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Summary

Mary Kelly lies dead upon her bed. Her sorrowful eyes capture the agony of her fate. Anger and fear walk side by side as the populace of London demand justice for the slain. William Harkness is a former officer of the 66th Regiment of Foot and he has entered the hunt. He will not bring a mad man to court, he is not tied by the laws of the land. William Harkness is the killer of killers, assassin of the evil....

©2016 Robert Southworth (P)2017 Robert Southworth

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An intriguing story spoiled

The good point - the story is reasonable. The set up is slow and contrived but the main story runs along pleasantly - if implausibly. The premise and mystery surrounding the murderer did draw me in though. As an example of how implausible it can be, in the first chapters our hero survives being cut across the body in an attack by Afghan tribesmen. One would be lucky to survive that in modern times if you were airlifted out of the combat zone! There are other issues which I will not reveal due to giving away the plot - but while listening I was thinking "That would not happen in Victorian times". I expand on this below. As a period piece the author should not translate modern values into his characters!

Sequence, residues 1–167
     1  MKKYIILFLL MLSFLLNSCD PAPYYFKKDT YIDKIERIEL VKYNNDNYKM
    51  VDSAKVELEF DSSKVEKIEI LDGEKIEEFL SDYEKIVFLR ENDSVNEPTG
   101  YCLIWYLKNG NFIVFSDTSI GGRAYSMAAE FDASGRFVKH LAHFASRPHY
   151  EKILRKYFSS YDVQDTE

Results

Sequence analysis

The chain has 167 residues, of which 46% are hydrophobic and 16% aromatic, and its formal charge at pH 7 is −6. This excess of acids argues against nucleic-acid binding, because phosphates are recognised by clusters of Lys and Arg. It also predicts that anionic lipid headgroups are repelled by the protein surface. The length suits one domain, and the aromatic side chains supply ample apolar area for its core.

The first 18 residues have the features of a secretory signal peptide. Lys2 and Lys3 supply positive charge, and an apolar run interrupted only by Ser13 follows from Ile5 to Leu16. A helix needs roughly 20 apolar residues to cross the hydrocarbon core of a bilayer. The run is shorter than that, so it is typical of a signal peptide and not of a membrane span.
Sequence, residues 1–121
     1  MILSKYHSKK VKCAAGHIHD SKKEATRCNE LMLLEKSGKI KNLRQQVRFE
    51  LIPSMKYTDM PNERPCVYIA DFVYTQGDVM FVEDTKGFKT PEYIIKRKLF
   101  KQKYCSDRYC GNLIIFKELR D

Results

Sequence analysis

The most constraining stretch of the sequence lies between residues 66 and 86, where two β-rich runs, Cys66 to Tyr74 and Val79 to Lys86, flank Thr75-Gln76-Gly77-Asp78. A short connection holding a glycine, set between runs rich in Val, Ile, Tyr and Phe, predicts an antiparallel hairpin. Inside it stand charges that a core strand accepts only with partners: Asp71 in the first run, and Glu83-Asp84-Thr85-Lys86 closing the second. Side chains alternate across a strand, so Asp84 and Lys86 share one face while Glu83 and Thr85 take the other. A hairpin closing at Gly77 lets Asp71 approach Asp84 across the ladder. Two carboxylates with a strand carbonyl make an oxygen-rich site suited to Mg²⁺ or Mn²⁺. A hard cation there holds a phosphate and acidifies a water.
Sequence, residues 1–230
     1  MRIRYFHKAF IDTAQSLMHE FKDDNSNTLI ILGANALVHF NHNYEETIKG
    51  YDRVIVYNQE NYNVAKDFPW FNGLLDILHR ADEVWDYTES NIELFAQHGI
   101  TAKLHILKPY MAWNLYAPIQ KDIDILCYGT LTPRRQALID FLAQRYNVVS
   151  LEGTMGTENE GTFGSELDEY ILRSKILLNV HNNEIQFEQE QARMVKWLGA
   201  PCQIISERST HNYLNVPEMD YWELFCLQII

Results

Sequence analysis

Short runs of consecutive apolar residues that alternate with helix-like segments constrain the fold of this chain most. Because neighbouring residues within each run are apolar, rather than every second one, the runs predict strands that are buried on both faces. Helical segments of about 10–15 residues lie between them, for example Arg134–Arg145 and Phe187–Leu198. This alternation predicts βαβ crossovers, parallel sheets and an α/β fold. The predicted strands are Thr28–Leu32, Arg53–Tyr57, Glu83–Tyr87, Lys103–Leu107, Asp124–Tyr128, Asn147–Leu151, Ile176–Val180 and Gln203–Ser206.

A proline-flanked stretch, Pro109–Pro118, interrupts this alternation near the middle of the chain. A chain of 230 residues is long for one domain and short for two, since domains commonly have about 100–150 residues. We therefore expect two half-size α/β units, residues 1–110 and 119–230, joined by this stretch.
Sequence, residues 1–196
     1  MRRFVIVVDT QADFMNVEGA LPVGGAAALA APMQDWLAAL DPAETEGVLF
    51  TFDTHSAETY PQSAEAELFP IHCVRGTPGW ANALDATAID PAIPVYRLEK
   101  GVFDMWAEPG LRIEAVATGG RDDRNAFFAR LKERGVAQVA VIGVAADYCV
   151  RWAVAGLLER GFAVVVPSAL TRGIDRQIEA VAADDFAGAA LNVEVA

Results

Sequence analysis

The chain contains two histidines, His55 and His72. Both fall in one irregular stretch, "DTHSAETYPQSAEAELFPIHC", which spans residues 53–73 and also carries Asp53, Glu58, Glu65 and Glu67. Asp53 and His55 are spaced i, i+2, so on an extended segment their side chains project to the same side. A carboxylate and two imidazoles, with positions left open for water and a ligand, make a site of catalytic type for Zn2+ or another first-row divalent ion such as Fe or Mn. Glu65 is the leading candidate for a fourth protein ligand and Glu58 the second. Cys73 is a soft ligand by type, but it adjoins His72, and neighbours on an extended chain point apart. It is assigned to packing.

The bad points - the writing is a mix of Victorian and modern which I find jaring and the author does not seem to be familiar with all aspects of the era. However, some parts have been well researched. For example the main male character is called William Harkness, but all of his peers and subordinates address him as William. I would expect surnames and formal titles to be used at this time other than by his immediate family. Adding to this his father is addressed and described as "Sir Harkness", when the convention would be to call him "Sir Simeon" or just "Harkness". The author revels in the use of Victorian terms such as "Billy Club" which are no longer in common use and makes great play of some of the action being set in Bluegate Fields slums.
Now for the narrator. The narration is dreadful. I nearly gave up several times. There is some attempt by him at regional accents but these seem to vanish during the performance and it is all delivered in the same rushed, breathy, mid-atlantic voice. There is no light and shade or tone, so there is little to tell characters apart. Occasionally there are blatant American pronunciations ("clerk" and "route" stand out for me). I note a different narrator is used on the next book in the series. I bought both at the same time. If the second is as bad I will ask for a refund.